By Robert Francis
By Robert Francis
By John Gould Irwin
Above the east horizon,
The great red flower of the dawn
Opens slowly, petal by petal;
The trees emerge from darkness
With ghostly silver leaves,
Now consciousness emerges
Reluctantly out of tides of sleep;
Finding with cold surprise
No strange new thing to match its dreams,
But merely the familiar shapes
Of bedpost, window-pane, and wall.
Within the city,
The streets which were the last to fall to sleep,
Hold yet stale fragments of the night.
Sleep oozes out of stagnant ash-barrels,
Sleep drowses over litter in the streets.
Sleep nods upon the milkcans by back doors.
And, in shut rooms,
Behind the lowered window-blinds,
Drawn white faces unwittingly flout the day.
But, at the edges of the city,
Sleep is already washed away;
Light filters through the moist green leaves,
It runs into the cups of flowers,
It leaps in sparks through drops of dew,
It whirls against the window-panes
With waking birds;
Blinds are rolled up and chimneys smoke,
Feet clatter past in silent paths,
And down white vanishing ways of steel,
A dozen railway trains converge
Upon night’s stronghold.
By Robert Hedin
So this is how it must’ve looked,
The gates to the garden
And both of them
Standing there in late afternoon light,
Looking back, the rain pelting
Down hard, the flowers
Closing their shutters,
The leaves already beginning to fall.
By Emma Gorenberg
The first skeleton drawn from the earth, they called beautiful. And
she was, to their particular vantage—they who knew bleach from
ocher, bone from rock from gully. It is three days before I see the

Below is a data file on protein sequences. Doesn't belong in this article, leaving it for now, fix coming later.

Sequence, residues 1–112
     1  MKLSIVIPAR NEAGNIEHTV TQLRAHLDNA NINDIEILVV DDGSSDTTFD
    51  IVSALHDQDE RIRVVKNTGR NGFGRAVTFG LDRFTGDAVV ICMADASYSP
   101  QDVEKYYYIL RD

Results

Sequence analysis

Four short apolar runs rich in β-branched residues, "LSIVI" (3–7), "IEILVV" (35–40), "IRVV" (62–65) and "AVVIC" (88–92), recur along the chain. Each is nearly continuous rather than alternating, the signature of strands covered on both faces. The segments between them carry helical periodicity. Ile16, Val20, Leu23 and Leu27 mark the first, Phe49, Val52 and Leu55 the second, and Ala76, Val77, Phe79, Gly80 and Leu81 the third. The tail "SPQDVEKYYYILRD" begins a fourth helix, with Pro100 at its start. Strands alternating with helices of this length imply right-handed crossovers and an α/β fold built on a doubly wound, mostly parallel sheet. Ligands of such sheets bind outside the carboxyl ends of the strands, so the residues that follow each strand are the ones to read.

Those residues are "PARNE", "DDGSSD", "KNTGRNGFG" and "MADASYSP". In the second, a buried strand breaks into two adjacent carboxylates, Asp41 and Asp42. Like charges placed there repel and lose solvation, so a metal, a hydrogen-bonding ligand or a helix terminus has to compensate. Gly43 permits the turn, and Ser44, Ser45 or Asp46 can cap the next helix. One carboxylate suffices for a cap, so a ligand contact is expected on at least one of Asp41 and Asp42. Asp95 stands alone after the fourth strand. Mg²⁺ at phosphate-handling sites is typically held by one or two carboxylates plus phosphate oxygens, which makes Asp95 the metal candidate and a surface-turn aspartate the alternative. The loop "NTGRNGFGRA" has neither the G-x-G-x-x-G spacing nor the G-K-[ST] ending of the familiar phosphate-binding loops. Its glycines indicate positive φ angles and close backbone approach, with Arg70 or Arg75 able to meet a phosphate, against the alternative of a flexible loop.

limb breaching, femur or humerus I’m unsure, another before I will
feel it with an outstretched hand, another and I will push some of its
loamy casing away, but go no further. A week and I cannot leave it.
The pottery that births around it is more beautiful, but the bone is
captivating, hypnotic with the absence of life. And I will distinguish
each bone from earth if there are more, just as we scour the body not
to know the buried, but to realize how we walk above.
Autopsy (3500 BCE)
By Joy Harjo
Remember the sky that you were born under,
know each of the star’s stories.
Remember the moon, know who she is.
Remember the sun’s birth at dawn, that is the
strongest point of time. Remember sundown
and the giving away to night.
Remember your birth, how your mother struggled
to give you form and breath. You are evidence of
her life, and her mother’s, and hers.
Remember your father. He is your life, also.
Remember the earth whose skin you are:
red earth, black earth, yellow earth, white earth
brown earth, we are earth.
Remember the plants, trees, animal life who all have their
tribes, their families, their histories, too. Talk to them,
listen to them. They are alive poems.
Remember the wind. Remember her voice. She knows the
origin of this universe.
Remember you are all people and all people
Remember you are this universe and this
universe is you.
Remember all is in motion, is growing, is you.